Those of us who live in frequent contact with books know that, at times, an unattractive book jacket will confuse us. Great works of literature aren’t always lucky enough to receive presentations equal to their statures. More modest books suffer the same fates. In English language countries, the idea of “not judging a book by its cover” drives home the idea that we often get the wrong idea of ​​what really counts.

This was the premise under which the “Human Library” project began. The name derives from a rarely seen literalism: the “human library” is made up of people who, as if they were books, are made available to anyone.

An undoubtedly terrific idea, it seems to recover one of the most generous and free of approaches to books: with curiosity, without expectations or prejudices, and simply in the spirit of learning.

In this sense, Human Library invites participants to challenge their own ideas about the “categories” they sometimes impose upon others. Why do we agree to read the story of a single mother, but not to listen to a real single mother? Why does a homeless person move us in literature but not when we see him or her on our way to work?

This project has been so moving (in the most literal sense of the word) that, at this writing, it’s shown up in more than 70 countries. Each appearance has been a success, and each has generated a strong interest in the participants, who listen and are listened to. After all, that is the most elementary of concepts. Like compassion or empathy, listening sometimes seems a very distant act, but it’s actually here, in the most day to day acts of coexistence.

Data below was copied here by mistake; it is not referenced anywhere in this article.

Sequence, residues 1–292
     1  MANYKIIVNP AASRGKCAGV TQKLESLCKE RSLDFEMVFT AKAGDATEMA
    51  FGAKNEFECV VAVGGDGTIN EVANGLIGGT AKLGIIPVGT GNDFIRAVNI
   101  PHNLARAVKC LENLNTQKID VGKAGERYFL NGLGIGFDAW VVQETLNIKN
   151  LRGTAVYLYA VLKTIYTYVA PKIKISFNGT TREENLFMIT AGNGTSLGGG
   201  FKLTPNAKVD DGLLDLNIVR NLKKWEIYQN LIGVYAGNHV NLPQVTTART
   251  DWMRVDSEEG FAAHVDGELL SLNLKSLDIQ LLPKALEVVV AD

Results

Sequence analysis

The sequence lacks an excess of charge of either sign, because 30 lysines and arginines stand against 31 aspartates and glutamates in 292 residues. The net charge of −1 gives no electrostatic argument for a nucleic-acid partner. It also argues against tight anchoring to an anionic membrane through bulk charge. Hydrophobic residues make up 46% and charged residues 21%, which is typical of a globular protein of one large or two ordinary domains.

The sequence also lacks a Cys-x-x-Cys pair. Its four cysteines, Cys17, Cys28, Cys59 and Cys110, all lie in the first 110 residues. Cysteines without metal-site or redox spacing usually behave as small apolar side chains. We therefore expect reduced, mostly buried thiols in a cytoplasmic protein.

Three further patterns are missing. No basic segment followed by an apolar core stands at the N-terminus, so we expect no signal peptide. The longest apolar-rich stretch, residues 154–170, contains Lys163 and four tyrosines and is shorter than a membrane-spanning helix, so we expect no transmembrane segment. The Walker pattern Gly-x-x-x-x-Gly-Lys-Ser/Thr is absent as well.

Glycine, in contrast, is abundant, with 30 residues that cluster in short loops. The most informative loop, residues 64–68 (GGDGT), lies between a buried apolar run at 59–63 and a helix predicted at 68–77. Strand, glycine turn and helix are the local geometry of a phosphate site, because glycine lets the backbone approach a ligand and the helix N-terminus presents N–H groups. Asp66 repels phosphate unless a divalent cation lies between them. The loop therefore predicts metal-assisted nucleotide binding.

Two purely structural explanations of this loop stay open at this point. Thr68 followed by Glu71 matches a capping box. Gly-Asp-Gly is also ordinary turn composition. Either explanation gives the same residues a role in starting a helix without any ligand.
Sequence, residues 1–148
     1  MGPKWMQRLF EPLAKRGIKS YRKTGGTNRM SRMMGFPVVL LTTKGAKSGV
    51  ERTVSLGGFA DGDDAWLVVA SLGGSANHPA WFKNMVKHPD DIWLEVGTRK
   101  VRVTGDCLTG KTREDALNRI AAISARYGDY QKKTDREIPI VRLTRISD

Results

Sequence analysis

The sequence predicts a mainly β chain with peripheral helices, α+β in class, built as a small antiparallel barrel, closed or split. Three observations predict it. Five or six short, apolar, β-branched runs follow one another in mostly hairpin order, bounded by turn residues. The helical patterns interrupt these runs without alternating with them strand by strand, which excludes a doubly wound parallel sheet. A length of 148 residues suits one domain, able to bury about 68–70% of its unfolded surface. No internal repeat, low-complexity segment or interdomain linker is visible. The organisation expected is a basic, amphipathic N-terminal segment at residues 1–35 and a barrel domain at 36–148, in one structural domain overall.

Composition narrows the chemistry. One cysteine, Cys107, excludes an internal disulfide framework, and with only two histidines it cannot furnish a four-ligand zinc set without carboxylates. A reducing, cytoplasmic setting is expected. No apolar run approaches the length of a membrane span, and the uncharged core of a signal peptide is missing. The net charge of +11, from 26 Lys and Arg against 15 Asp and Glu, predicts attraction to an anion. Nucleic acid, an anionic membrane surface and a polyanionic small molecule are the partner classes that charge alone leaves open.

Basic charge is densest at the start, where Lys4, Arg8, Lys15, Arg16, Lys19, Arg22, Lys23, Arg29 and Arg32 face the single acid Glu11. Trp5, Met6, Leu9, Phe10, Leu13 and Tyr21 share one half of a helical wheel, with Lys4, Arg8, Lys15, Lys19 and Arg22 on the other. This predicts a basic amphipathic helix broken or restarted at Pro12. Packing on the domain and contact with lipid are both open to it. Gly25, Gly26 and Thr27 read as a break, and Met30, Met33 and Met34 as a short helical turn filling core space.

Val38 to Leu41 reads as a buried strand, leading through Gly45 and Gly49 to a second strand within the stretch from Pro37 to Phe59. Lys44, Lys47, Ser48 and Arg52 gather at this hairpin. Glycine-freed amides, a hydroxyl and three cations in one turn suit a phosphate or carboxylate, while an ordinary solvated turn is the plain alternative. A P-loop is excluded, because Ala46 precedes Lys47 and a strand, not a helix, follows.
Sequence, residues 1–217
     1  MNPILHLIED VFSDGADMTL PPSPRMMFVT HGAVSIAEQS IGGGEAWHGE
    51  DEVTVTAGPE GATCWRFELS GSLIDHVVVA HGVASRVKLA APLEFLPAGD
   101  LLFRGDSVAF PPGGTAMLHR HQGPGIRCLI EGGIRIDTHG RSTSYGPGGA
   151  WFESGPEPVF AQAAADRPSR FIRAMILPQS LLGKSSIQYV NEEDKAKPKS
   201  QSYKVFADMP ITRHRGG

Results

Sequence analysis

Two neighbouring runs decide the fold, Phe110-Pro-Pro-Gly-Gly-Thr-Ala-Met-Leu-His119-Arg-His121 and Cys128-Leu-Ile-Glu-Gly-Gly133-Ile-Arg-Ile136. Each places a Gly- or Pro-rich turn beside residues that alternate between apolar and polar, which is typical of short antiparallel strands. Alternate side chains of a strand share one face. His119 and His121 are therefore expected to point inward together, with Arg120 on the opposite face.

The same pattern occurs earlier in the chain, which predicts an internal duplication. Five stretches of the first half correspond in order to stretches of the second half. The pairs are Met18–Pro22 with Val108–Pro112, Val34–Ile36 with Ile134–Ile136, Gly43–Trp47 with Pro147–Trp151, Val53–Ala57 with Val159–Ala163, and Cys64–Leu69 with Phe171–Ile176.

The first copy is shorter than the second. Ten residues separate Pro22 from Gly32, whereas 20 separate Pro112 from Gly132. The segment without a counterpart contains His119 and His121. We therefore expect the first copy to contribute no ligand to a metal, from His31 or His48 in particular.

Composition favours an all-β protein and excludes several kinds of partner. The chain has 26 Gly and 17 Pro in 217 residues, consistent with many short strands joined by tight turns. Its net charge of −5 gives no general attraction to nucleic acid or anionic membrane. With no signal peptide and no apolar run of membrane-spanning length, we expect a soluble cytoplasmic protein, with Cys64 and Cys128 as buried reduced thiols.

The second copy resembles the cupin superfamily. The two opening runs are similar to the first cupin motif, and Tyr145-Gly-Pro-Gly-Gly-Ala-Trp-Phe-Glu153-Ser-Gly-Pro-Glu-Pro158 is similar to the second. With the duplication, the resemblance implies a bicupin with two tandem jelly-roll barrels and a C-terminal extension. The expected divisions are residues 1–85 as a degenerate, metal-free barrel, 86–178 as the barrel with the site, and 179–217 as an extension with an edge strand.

*Image: Unsplash – Pexels / Creative Commons

Those of us who live in frequent contact with books know that, at times, an unattractive book jacket will confuse us. Great works of literature aren’t always lucky enough to receive presentations equal to their statures. More modest books suffer the same fates. In English language countries, the idea of “not judging a book by its cover” drives home the idea that we often get the wrong idea of ​​what really counts.

This was the premise under which the “Human Library” project began. The name derives from a rarely seen literalism: the “human library” is made up of people who, as if they were books, are made available to anyone.

An undoubtedly terrific idea, it seems to recover one of the most generous and free of approaches to books: with curiosity, without expectations or prejudices, and simply in the spirit of learning.

In this sense, Human Library invites participants to challenge their own ideas about the “categories” they sometimes impose upon others. Why do we agree to read the story of a single mother, but not to listen to a real single mother? Why does a homeless person move us in literature but not when we see him or her on our way to work?

This project has been so moving (in the most literal sense of the word) that, at this writing, it’s shown up in more than 70 countries. Each appearance has been a success, and each has generated a strong interest in the participants, who listen and are listened to. After all, that is the most elementary of concepts. Like compassion or empathy, listening sometimes seems a very distant act, but it’s actually here, in the most day to day acts of coexistence.

 

*Image: Unsplash – Pexels / Creative Commons

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